the welded section is a lower end surface of a press-fit section in the nozzle and the fixed valve, and
the gap is configured by a groove that is formed in the fixed valve on a contact surface between an outer periphery of the fixed valve and an inner periphery of the nozzle.

4. The fuel injection valve according to claim 3, wherein the groove reaches up to an upper end of the fixed valve.

5. The fuel injection valve according to claim 2, wherein

the welded section is a press-fit section in the nozzle and the fixed valve, is at a position on an outer periphery of the fixed valve, and is formed with a penetrated section so as to penetrate from the nozzle to the fixed valve, and
the gap is configured by a groove that is formed in the fixed valve.

6. The fuel injection valve according to claim 5, wherein the groove reaches up to an upper end of the fixed valve.

7. The fuel injection valve according to claim 3, wherein the press-fit section is provided in the continuation of a penetrated section by the welding.

8. The fuel injection valve according to claim 2, wherein the gap is a groove that is formed in the nozzle.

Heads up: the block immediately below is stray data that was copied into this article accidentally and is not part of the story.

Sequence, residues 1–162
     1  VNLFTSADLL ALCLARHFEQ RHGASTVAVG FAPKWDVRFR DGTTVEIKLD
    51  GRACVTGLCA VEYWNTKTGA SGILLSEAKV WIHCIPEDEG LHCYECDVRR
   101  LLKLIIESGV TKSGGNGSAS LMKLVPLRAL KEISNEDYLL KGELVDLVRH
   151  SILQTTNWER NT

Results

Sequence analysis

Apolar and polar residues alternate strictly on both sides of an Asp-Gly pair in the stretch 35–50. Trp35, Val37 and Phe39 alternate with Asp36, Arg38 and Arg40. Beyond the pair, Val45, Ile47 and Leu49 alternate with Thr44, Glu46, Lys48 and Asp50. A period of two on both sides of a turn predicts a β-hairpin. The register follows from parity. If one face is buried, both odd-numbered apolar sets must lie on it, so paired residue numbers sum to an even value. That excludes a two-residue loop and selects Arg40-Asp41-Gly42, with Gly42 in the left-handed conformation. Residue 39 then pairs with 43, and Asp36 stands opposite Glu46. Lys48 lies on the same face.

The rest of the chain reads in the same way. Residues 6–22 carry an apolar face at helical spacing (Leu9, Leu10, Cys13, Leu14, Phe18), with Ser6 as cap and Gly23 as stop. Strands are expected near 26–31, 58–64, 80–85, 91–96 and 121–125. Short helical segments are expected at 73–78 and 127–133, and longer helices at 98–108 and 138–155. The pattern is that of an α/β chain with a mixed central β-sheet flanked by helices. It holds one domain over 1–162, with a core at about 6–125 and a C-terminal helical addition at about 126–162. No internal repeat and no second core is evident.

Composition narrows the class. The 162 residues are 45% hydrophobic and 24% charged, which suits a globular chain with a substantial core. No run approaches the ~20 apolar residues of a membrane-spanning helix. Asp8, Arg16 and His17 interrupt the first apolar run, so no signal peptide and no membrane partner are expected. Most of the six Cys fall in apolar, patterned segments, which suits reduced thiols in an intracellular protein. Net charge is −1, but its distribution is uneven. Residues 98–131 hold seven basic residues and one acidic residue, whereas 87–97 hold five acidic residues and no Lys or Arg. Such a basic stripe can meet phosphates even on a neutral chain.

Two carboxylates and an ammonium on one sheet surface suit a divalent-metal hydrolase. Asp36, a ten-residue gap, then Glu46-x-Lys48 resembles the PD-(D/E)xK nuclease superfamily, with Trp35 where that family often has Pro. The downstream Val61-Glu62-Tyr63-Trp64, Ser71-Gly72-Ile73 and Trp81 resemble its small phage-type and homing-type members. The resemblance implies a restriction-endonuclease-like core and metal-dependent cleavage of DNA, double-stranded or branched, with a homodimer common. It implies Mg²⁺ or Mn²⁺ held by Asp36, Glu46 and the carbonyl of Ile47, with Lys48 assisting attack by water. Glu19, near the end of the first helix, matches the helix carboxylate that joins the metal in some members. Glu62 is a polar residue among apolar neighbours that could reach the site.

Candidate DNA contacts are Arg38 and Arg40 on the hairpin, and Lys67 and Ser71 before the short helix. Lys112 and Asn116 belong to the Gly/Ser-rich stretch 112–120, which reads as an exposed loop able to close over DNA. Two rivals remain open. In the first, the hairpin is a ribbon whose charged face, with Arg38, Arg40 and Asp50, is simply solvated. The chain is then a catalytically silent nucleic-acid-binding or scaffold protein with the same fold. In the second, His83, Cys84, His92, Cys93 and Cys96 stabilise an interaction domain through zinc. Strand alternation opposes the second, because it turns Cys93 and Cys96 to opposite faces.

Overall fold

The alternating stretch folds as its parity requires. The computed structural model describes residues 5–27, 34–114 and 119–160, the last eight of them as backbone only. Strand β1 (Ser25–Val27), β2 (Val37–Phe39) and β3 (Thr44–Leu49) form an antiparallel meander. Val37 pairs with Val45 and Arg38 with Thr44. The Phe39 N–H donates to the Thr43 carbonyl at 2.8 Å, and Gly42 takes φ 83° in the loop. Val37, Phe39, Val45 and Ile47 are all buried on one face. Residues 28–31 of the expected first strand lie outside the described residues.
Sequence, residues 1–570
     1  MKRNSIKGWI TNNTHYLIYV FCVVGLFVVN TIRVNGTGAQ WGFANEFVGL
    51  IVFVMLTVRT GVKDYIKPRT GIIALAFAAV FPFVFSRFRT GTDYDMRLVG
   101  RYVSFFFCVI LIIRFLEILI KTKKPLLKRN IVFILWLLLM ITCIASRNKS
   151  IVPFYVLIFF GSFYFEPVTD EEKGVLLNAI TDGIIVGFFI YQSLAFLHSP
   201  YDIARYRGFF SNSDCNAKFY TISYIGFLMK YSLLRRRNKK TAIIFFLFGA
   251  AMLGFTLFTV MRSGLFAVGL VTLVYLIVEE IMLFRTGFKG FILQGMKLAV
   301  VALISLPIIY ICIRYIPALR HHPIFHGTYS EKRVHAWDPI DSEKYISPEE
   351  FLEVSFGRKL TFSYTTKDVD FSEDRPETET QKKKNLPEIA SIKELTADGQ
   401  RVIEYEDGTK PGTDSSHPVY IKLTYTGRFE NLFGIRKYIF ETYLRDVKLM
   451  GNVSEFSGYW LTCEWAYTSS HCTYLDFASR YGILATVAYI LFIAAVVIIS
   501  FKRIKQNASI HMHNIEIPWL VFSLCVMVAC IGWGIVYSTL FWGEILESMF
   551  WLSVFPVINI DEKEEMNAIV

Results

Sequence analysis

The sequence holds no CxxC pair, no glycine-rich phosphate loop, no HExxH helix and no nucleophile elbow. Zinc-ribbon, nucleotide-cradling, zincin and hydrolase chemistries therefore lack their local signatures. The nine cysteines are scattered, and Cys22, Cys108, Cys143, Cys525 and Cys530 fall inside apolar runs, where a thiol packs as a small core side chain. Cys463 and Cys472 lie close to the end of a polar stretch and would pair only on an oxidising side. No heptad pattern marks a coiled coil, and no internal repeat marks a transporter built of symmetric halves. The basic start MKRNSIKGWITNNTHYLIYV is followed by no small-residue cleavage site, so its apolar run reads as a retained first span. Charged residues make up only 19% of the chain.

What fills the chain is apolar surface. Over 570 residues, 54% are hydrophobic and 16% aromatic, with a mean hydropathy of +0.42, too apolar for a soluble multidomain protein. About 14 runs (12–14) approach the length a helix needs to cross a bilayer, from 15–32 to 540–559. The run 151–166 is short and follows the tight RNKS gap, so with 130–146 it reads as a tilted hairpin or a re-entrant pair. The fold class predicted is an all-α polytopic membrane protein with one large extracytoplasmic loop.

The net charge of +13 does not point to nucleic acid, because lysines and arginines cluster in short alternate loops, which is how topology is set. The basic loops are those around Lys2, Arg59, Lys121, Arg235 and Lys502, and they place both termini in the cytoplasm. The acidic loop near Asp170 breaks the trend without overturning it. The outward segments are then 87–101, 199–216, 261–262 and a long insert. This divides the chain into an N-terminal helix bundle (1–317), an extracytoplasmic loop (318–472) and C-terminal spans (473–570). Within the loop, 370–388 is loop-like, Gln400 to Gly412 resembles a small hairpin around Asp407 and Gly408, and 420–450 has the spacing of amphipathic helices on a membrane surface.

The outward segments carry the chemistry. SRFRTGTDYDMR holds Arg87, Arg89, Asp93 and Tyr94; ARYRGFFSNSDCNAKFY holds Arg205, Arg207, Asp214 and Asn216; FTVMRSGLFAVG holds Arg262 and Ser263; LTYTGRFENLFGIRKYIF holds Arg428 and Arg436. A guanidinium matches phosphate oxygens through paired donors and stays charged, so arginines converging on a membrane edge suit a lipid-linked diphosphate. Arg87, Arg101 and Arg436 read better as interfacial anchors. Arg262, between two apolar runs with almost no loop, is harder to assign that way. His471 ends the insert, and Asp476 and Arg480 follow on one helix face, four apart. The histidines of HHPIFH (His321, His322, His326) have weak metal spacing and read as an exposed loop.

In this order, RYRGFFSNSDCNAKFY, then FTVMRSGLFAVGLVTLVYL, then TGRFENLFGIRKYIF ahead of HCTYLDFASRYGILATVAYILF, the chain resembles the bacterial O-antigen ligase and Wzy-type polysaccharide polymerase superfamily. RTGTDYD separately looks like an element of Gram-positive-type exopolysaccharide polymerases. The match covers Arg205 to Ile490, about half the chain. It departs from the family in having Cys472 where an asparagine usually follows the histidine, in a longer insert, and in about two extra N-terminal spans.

Referenced Cited

U.S. Patent Documents

5881957 March 16, 1999 Mizuno et al.
6131826 October 17, 2000 Teiwes
7798433 September 21, 2010 Onishi et al.
20050040258 February 24, 2005 Dallmeyer et al.
20050280173 December 22, 2005 Wirtz et al.
20080296414 December 4, 2008 Kubota
20090001626 January 1, 2009 Wirtz et al.
20110204276 August 25, 2011 Huemmer

Foreign Patent Documents

9-317607 December 1997 JP
11-512167 October 1999 JP
2001-507097 May 2001 JP
2006-7775 January 2006 JP
2007-502935 February 2007 JP
2007-120375 May 2007 JP
2008-297966 December 2008 JP
2011-94632 May 2011 JP

Other references

  • Japanese Office Action dated Mar. 24, 2015 with English-language translation (six (6) pages).
  • International Search Report dated Mar. 12, 2013 with English translation (five (5) pages).

Patent History

Patent number: 9765740
Type: Grant
Filed: Jan 16, 2013
Date of Patent: Sep 19, 2017
Patent Publication Number: 20140367498
Assignee: Hitachi Automotive Systems, Ltd. (Hitachinaka-shi)
Inventors: Atsushi Takaoku (Hitachinaka), Yasuo Namaizawa (Hitachinaka), Hideharu Ehara (Hitachinaka), Masahiro Soma (Hitachinaka)
Primary Examiner: Arthur O Hall
Assistant Examiner: Tuongminh Pham
Application Number: 14/374,782

Classifications

Current U.S. Class: With Antifriction, Guide Or Seal Means For Flow Regulator* (239/533.11)
International Classification: F02M 51/06 (20060101); F02M 63/00 (20060101); F02M 61/16 (20060101); F02M 61/18 (20060101);